W3C home > Mailing lists > Public > public-webapps-testsuite@w3.org > November 2012

RE: Opera's SSE Tests on GitHub [Was: <different topic>]

From: James Graham <jgraham@opera.com>
Date: Mon, 26 Nov 2012 23:23:26 +0100 (CET)
To: "SULLIVAN, BRYAN L" <bs3131@att.com>
cc: "Zhao, Tina" <tina.zhao@intel.com>, Arthur Barstow <art.barstow@nokia.com>, "public-webapps-testsuite@w3.org" <public-webapps-testsuite@w3.org>
Message-ID: <alpine.DEB.2.02.1211262318340.619@sirius>

On Mon, 26 Nov 2012, SULLIVAN, BRYAN L wrote:

>> As far as I know there is nothing special compared to the default
>> apache+PHP setup on w3c-test.org. The relevant PHP files are in the
>> resources/ directory of the testsuite. Is there something that doesn't
>> seem to be working correctly?
> To implement SSE using PHP for server scripting, I have found a number of SSE dependencies that require configuration of PHP, Apache (or other server), or the intersection of PHP and the underlying web server. These include:
> - turn output compression off (Apache)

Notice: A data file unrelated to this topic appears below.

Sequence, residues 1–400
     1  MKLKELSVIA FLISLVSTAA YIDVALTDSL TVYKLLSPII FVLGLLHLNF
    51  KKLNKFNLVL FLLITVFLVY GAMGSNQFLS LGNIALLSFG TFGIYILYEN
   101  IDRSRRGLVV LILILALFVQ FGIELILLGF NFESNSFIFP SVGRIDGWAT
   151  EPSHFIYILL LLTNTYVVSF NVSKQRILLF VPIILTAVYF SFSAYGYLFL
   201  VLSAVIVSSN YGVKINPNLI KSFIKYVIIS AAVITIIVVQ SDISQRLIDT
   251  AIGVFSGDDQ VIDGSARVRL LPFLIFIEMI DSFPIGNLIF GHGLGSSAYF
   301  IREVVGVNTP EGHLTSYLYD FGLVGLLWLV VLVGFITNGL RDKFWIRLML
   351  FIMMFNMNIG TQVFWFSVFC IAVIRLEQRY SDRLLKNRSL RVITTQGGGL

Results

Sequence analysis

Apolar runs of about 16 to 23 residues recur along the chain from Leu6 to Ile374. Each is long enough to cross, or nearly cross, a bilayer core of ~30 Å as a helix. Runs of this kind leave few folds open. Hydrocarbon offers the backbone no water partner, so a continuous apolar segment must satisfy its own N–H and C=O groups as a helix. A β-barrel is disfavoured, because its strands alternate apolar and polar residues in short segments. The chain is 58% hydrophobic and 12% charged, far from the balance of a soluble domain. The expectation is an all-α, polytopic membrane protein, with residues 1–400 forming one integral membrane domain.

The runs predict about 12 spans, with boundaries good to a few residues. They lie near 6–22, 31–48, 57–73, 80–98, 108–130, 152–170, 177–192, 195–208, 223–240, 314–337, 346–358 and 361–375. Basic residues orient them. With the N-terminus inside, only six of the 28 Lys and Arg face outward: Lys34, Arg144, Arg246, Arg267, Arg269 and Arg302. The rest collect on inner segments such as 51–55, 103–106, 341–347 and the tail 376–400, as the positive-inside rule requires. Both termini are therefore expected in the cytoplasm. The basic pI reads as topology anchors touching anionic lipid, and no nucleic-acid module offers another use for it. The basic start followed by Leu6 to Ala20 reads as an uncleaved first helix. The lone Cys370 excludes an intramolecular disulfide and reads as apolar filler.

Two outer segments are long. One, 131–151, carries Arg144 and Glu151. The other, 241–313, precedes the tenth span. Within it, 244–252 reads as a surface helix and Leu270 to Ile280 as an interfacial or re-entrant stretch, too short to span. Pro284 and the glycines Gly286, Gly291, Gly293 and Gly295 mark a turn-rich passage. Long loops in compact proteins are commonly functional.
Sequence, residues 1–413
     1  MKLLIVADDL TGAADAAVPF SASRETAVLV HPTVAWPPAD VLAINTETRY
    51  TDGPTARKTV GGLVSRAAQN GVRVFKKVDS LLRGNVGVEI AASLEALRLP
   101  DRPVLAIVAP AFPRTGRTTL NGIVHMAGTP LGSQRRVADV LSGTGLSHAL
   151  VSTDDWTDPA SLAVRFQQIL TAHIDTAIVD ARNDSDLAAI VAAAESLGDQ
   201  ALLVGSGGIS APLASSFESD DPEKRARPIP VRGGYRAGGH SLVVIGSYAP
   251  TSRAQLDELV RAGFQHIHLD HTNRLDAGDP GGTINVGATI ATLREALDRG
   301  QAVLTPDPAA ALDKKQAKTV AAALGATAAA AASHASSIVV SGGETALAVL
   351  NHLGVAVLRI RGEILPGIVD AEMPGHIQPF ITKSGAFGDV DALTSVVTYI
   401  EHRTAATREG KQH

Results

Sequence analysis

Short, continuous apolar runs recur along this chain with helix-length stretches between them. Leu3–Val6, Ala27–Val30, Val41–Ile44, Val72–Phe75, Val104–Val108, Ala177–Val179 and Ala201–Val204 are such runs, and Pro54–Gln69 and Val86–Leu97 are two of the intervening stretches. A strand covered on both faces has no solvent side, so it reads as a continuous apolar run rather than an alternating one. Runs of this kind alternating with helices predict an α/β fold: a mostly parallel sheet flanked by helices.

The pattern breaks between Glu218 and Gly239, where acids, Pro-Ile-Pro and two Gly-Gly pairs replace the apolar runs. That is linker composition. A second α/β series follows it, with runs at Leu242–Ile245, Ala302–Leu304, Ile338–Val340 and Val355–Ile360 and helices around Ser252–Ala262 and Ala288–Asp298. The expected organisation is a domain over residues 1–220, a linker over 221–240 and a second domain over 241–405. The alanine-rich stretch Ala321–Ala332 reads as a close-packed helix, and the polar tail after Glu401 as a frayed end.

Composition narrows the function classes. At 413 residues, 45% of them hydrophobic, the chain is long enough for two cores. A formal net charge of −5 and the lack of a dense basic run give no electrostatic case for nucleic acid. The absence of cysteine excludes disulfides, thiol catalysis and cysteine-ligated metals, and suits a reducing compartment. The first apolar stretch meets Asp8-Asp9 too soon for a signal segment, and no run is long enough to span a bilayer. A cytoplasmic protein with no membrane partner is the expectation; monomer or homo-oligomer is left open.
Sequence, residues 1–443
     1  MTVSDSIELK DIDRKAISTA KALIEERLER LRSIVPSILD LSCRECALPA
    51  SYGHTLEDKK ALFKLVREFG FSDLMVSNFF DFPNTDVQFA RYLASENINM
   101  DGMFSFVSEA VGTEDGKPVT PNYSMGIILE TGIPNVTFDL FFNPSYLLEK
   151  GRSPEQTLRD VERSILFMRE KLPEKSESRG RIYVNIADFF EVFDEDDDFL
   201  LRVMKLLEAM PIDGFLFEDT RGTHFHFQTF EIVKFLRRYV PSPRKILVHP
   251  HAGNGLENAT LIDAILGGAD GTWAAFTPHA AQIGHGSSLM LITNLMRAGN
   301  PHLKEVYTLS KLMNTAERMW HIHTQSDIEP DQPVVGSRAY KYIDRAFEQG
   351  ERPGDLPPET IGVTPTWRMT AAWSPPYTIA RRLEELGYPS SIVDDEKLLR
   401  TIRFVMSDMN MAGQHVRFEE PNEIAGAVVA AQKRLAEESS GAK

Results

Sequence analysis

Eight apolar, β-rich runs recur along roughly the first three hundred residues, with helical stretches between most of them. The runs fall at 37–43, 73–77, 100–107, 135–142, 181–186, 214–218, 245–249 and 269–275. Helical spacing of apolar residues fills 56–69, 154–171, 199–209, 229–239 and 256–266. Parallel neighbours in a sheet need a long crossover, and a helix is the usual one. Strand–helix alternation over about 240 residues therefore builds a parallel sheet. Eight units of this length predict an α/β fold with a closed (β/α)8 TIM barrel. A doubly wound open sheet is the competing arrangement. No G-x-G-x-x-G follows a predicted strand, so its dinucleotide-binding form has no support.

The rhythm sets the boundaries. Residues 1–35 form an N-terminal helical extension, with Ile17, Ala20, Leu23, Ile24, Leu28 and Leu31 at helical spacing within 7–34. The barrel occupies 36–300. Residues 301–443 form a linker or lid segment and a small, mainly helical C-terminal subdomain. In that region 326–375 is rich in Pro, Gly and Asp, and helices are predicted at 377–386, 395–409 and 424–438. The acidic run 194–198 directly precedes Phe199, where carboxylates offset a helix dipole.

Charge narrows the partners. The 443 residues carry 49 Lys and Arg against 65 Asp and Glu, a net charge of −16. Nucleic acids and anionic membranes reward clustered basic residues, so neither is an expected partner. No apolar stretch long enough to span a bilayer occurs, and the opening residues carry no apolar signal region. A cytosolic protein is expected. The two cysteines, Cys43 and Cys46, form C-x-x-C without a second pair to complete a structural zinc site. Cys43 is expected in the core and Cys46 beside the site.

> - turn output buffering off (Apache?)
> - set implicit flush (PHP)
> - PHP 5.4 (I have not been able to get SSE working with PHP 5.3)
> I'm not sure of the interaction of these, but I have found very little 
> useful information about server configuration for SSE, and had to spend 
> a long time hacking on the server config to get it to work. Not being a 
> real web developer ;-) my experience may be anecdotal but I think it 
> represents an important data point and indicates a real need for 
> documentation. But I'll be glad to kick the tires of the Opera tests 
> once they are on the W3C test server, to see if and how it works there.

It is possible that there's something magic in our setup, but I don't see 
anything obvious. I haven't dug through the PHP config or anything yet 
though. But this is all very hypothetical. If the tests work on the W3C 
server maybe we don't need to have this conversation at all. Is there some 
evidence that they don't?

> And PHP is only one of the server options (and a poor man's one at that, 
> AFAICT). Shouldn't we be testing this with different server 
> environments?

Not obviously. I mean as long as we have one server that correctly 
fulfills its side of the spec bargin that is sufficient for our purposes; 
the goal is to ensure that the clients implement the spec correctly, not 
determine the relative merits of PHP vs node.js vs twisted vs whatever for 
the server side.

As it happens I think we are going to need a custom server for testing 
anyway, and am currently trying to gather requirements. Ability to test 
server sent events in a natural way seems like a reasonable one.
Received on Monday, 26 November 2012 22:24:09 UTC

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